He added that in his view, the barring of "deeply rooted" gays from all-male seminaries was more a matter of prudence than of theological doctrine. "It would be little different from me, as a raging heterosexual, being forced to live in a girls dorm while trying to learn to live chastely," he said. "It's a practical issue."

But several priests questioned how the church will define "deeply rooted" and said they feared that the Vatican was leaving no room for gay men who have a healthy understanding of their own sexuality and can live celibately.

"We're going back to the prehistoric, forcing people to live a lie," said the Rev. Richard J. Prendergast, pastor of St. Josaphat Catholic Church in Chicago. He is a member of Catholics Affirming Homosexual Leadership, a group he said was founded by seven priests, mostly in Chicago. In anticipation of the Vatican document, it has been collecting signatures on a Web site petition saying, "We reject the assertion or implication that persons with a homosexual orientation cannot offer valuable service in leadership roles in our Church."

While no bishops have signed the statement, some appear to be sympathetic. "There are many wonderful and excellent priests in the Church who have a gay orientation, are chaste and celibate, and are very effective ministers of the Gospel," Spokane Bishop William S. Skylstad, president of the U.S. bishops' conference, wrote in his diocesan newspaper on Oct. 28. "Witchhunts and gay bashing have no place in the Church."

The Rev. Fred Daley, pastor of St. Francis de Sales Church in Utica, N.Y., and one of the few priests in the United States who has openly declared himself to be both gay and celibate, said the document contained a faulty understanding of sexual orientation. "I'm a deeply rooted homosexual and I'm proud of that, it's who I am and how God created me, it's not something transitory . . . it's not something you choose," he said. "I've also been ordained for 31 years and I'm committed to the church's discipline of celibacy."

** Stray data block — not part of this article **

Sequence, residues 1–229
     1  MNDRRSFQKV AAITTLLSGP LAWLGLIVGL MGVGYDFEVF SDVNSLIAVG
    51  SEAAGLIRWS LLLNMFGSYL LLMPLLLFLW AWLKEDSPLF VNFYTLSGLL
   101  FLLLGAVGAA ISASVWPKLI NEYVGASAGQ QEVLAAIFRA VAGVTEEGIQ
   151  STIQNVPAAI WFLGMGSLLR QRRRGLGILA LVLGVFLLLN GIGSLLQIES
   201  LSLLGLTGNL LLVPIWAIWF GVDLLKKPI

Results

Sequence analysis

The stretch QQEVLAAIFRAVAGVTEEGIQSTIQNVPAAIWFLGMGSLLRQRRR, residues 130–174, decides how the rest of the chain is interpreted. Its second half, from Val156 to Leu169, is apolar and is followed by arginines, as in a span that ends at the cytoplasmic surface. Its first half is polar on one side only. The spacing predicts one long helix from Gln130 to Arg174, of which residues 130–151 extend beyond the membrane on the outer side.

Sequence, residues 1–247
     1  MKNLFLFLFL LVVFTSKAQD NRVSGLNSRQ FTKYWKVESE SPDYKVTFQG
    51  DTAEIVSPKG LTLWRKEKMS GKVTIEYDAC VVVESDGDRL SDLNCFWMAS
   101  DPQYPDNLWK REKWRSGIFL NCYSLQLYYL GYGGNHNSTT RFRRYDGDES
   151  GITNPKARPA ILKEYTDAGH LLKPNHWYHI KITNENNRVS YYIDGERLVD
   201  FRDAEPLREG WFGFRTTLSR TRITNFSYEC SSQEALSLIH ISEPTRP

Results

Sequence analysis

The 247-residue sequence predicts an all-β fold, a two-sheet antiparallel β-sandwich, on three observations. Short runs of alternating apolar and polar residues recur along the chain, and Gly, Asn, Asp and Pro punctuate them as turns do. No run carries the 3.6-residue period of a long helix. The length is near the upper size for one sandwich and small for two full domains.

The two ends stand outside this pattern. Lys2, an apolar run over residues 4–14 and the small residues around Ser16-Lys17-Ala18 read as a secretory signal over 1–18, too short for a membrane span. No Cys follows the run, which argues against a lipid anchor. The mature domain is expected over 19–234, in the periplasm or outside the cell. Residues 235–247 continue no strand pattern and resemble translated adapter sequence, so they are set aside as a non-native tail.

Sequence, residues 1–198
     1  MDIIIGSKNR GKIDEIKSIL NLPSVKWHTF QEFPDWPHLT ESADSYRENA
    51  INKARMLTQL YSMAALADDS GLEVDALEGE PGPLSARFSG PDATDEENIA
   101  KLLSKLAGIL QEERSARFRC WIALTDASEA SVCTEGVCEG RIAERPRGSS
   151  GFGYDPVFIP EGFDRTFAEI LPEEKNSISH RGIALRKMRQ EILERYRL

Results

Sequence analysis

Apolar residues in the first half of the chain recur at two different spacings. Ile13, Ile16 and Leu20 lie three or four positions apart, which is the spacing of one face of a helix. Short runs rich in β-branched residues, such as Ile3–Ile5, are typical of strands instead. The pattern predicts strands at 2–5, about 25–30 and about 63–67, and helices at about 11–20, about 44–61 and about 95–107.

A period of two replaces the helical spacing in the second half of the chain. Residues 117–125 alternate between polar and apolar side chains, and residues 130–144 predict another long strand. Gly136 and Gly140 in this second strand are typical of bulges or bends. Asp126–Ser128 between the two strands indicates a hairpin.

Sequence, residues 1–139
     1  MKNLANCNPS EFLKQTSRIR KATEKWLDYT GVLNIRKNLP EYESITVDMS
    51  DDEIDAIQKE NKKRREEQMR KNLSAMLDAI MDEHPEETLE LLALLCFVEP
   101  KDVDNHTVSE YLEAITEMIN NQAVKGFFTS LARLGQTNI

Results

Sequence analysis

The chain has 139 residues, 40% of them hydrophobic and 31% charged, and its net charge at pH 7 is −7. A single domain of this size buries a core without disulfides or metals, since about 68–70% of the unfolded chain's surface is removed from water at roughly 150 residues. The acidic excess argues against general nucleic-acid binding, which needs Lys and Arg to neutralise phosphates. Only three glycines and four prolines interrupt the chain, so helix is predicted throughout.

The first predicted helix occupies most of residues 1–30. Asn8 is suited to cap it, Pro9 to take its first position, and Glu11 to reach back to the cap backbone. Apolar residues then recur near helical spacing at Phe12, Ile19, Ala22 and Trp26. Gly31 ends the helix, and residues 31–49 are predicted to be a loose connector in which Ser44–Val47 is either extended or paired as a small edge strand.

The publication of the document is a sad day for the church, he added. "I can't help but feel there's hypocrisy in all of this when the hierarchy of the church knows a very significant number of its priests, bishops and cardinals are gay and are living celibate lives in a faithful way, the same way heterosexual priests are," he said.

The document does not elaborate on what it means by support for "gay culture." However, Pope Benedict, during his long pre-papal service as the Vatican's orthodoxy guardian, banned gay groups from using church property for meetings or setting up gay organizations under the umbrella of local churches.

The document also implicitly recognizes that it might drive homosexuality underground. "It would be gravely dishonest for a candidate to hide his own homosexuality," it says.

Cooperman reported from Washington.

Pope Benedict XVI approved the policy, which the church has long awaited.